New Classical Tracks: Violinist Francesca Anderegg captures impressions of Brazilian life
Francesca Anderegg/Erika Ribeiro Images of Brazil (Naxos)
Sometimes things happen just by chance.
"My parents wanted us to play musical instruments, but they thought strings were more social. And when I say us, I'm a twin; so, it was myself and my twin brother. They handed us a violin and a cello and walked into the other room. We kind of squeaked around. And then when they came back in the room, I was holding the violin, so they said, 'OK, you can play the violin.'"
Francesca Anderegg is still playing the violin. In fact, she plays all over the world. She's originally from the East Coast. Now, she teaches at St. Olaf College, so home base is Northfield, Minn., where she lives with her infant son and her husband, noted Venezuelan-American composer Reinaldo Moya.
In 2015, Anderegg had the chance to tour and perform in Brazil. That's where she met pianist Erika Ribeiro. On their new release, they share images of Brazil.
"She knows a lot of contemporary composers and she also knows a lot of Brazilian repertoire, of which there is a great deal. None of it is known in the United States, and some of it is not very well known within Brazil either. And so, she has all these amazing pieces that she's always been waiting to play.
"She came here to Minnesota; we recorded at St. Olaf College. It was kind of funny to record Brazilian music when there was a foot of snow on the ground."
There's a lot more to this Brazilian music than many of us know. Talk a little bit about that depth and breadth of the music that you discovered.
"Like most Americans, I had heard of samba, and bossa nova, of course, but there were tons of Brazilian genres that I had literally never heard of. There's a classical piece on this recording which is called Tempo de Frevo. So, you have to know what that music sounds like, I think, in order to play it well. Erika helped me so much, pointing me toward different recordings and just kind of helping me get the sounds of these different kinds of music in my ear.
"One thing in general about the music is how rhythmic patterns, and sort of percussion and drumming, is such a huge feature of musical life in Brazil. So, what's interesting, is that there are these percussion patterns which are so well-known to everyone because you hear them in the street, and it might be very subtle in the classical music. To get that subtlety into the phrasing was a big challenge but was something we really worked on together.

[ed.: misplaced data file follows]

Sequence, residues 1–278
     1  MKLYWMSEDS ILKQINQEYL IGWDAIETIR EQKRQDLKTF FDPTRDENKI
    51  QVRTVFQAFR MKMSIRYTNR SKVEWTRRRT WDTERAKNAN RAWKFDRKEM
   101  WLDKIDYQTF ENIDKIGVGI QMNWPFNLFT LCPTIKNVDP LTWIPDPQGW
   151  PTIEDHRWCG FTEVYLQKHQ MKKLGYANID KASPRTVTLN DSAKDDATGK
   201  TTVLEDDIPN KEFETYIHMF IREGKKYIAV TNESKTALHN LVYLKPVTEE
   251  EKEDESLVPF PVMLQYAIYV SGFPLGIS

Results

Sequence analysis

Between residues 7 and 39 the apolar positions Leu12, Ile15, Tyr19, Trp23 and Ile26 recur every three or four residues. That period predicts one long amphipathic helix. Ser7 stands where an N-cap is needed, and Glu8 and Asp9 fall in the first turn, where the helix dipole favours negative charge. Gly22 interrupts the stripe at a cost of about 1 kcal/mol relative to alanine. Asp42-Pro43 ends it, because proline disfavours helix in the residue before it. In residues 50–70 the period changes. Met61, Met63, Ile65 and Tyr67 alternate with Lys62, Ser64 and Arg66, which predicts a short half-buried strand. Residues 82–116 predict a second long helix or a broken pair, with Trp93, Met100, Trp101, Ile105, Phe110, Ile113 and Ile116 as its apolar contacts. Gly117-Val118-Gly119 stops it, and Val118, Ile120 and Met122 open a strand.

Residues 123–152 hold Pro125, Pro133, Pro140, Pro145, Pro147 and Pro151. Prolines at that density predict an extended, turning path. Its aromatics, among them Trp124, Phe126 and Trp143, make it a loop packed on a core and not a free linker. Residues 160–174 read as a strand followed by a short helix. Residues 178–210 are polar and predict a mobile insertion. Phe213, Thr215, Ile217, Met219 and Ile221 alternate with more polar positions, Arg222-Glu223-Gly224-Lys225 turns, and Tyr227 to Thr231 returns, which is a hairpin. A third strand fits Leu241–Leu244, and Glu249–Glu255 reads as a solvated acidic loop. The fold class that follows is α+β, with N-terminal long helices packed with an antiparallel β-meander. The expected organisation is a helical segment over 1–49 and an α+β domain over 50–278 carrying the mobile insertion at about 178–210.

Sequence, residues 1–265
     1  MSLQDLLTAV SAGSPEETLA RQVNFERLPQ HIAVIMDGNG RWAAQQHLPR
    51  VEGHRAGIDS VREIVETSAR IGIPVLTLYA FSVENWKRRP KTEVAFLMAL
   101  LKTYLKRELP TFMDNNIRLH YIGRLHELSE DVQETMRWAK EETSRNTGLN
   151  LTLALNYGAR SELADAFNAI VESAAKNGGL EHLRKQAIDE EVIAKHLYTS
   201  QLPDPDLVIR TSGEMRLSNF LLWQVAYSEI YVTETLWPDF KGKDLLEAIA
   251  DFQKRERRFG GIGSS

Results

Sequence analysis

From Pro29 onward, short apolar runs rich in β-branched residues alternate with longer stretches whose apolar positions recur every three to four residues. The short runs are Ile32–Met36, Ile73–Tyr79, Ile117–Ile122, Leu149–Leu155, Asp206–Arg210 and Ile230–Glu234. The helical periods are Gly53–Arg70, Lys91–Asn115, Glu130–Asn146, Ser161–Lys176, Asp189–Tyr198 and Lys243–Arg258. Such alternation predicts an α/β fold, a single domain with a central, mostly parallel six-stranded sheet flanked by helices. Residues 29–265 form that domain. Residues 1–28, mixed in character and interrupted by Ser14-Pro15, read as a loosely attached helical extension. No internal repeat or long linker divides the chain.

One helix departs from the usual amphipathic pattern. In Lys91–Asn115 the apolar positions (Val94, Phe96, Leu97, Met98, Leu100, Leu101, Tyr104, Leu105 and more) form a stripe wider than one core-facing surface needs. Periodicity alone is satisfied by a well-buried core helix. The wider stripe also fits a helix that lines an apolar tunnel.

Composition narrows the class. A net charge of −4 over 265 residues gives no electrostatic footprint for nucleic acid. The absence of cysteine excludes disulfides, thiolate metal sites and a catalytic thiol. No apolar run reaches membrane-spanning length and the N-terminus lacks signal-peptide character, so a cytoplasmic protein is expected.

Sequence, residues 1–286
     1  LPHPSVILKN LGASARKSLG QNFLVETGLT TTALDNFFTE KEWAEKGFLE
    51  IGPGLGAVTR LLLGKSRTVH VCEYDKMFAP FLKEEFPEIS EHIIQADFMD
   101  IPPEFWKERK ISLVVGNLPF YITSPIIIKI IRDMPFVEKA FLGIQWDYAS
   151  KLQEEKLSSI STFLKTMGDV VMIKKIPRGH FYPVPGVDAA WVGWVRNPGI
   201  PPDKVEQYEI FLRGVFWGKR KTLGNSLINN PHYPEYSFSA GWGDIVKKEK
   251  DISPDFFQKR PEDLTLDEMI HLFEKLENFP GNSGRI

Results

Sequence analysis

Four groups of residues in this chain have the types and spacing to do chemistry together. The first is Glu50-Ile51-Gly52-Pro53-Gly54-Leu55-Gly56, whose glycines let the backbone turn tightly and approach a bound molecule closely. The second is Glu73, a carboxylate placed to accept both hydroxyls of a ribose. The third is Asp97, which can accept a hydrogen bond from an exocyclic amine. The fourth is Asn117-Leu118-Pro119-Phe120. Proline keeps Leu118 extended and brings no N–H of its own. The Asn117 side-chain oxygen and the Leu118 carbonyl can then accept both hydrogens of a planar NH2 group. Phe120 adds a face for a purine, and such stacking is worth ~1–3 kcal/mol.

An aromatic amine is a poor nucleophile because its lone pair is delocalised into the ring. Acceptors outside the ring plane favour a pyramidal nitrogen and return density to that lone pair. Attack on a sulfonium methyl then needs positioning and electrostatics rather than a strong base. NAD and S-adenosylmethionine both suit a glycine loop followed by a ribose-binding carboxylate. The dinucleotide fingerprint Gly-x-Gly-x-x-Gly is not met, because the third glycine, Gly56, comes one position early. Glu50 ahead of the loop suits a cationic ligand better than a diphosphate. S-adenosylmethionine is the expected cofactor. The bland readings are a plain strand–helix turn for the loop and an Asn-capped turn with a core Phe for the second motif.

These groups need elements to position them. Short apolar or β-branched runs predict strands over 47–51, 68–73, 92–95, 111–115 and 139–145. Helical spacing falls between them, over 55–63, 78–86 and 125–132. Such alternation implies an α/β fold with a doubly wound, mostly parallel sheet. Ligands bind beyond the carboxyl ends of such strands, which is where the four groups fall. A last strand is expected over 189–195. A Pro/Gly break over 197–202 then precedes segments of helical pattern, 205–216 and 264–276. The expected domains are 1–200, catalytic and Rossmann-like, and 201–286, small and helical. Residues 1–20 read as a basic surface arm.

"I think my favorite piece is the first song by Léa Freirie, the one that's titled Playing With Theo. It has a lot of quick rhythms, 7/8, 11/8, and it has this kind of, I don't know how to describe it, it's like a funny musical flow."
Probably the most familiar composer on this recording is Heitor Villa-Lobos, the 20th-century Brazilian composer. But the work you have chosen from this composer is not one that's very familiar, The Martyrdom of Insects.
"I love this work, too. It brings together a lot of different ideas, but it's also quite funny, the lament of the dying cicada in the first movement with these mournful trill, dissonant figures in the violin and piano, and then the fluttering tremolo in the second movement of the firefly.
"And then the last movement, The Moth Around the Flame, it's like Flight of the Bumblebee, but the dying bumblebee or the dying moth. So, there is this kind of dark humor to it, as well. I just love the dissonant harmonic places that Villa-Lobos goes to and how strange it can sound."
To hear the rest of my conversation, click on the extended interview above, or download the extended podcast on iTunes or wherever you get your podcasts.